Heat a little oil in a large pan and fry the onions til they brown. Add the diced lamb, plus the beef stock cubes, a pinch of salt and pepper and let simmer for 20 minutes or so. The lamb won’t necessarily have browned by this time but there’ll be time in the oven for that… Add the honey, ketchup and lemon juice. Let stew for another 15 minutes. Place everything in a stewing dish and cook in the oven for 20-30 minutes at 150°c. Put the cut peppers in another dish or tray and cook for 15 minutes. Soak the kebab sticks in water then thread the lamb, onions and peppers onto them to serve.
READ ALL ABOUT EAST AFRICAN SOCIETY’S ‘ACIDS AND ACCENTS’ APPROACH TO MARINADES ON THE WORLD COOKBOOK HERE http://bit.ly/1dvzCDH www.worldcookbook.com #WorldCookbook
KEBAB ISSUE THE HELLENIC & CYPRIOT SOCIETY’S MEATY COOKBOOK
Last year’s winners of the Best Cold Dish award at Food Festival, the Hellenic & Cypriot Society breeze into our chat at The SU like a cool mediterranean air. University of Sheffield students Irene, Natasa and Galatia all hail from Cyprus’s beautiful second city Limasol, but just five minutes talking to them about their mixture of tradition and enthusiastically reworked recipes and you’re reminded of their deeply personal approach to cooking. In between trying to nab soups and salads from Natasa’s handwritten recipe book we had a meaty chat about sausages, BBQ and the biggest kebabs you’ve ever seen in your life...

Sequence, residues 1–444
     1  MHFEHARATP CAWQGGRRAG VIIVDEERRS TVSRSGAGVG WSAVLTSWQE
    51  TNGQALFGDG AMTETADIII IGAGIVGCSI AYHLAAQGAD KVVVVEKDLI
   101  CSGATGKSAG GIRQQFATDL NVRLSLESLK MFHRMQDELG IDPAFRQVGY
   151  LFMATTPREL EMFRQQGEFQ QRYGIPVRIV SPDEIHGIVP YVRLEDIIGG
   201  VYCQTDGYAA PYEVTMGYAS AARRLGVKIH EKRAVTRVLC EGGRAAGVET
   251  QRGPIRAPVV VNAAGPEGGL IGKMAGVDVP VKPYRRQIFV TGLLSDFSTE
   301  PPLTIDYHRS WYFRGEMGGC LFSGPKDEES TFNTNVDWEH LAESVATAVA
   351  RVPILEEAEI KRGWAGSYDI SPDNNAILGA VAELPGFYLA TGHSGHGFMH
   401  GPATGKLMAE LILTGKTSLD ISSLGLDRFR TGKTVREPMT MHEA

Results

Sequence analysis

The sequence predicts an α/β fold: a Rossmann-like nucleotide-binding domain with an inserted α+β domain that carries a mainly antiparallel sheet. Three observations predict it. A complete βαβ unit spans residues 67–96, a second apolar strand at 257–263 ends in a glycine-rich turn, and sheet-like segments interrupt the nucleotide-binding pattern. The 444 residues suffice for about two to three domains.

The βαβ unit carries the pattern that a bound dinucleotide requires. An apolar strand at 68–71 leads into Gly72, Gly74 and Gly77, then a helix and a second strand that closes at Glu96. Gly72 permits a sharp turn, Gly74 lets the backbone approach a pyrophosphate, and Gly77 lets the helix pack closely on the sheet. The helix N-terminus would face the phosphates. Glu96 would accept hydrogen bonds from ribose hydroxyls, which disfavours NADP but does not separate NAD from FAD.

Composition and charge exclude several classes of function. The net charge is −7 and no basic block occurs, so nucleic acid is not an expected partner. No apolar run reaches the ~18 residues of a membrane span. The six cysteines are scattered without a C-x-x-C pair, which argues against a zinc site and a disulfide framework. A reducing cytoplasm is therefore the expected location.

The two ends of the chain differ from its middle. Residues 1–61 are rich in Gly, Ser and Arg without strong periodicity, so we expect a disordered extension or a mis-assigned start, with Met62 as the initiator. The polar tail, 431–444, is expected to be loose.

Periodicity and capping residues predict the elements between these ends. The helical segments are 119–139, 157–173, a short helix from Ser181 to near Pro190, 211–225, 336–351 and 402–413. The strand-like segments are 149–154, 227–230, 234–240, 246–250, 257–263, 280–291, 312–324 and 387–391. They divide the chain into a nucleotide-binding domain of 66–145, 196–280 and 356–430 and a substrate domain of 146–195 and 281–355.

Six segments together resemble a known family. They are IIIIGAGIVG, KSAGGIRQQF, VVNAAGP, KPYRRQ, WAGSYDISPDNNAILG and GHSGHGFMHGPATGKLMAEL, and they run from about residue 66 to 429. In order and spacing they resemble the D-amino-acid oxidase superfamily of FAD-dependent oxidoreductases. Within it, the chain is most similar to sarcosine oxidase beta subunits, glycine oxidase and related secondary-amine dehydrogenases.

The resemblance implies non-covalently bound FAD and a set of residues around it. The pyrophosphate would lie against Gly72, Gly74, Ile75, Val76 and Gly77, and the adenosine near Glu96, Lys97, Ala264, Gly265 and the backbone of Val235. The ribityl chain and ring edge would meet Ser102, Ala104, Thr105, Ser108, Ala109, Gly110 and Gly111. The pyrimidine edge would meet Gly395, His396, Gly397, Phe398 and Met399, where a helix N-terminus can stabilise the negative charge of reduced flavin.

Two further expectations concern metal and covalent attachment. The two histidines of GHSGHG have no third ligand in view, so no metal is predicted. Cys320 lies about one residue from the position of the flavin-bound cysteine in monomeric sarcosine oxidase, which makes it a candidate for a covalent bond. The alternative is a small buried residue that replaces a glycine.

World Cookbook: So the first thing we noticed about your proposal for World Food Fest is that rather than the plate of food we’re used to seeing on covers, there’s a photograph of a very beautiful and old cookbook. Can you tell us more about this? Irene: The cookbook is really an essential part of our kitchen. It’ll have standard recipes but there’ll also be lots of rewriting and revisions. This is our second time in World Food Festival and this year we want to put our cookbook at the centre of what we do. It’s a big part of our culture and our tradition!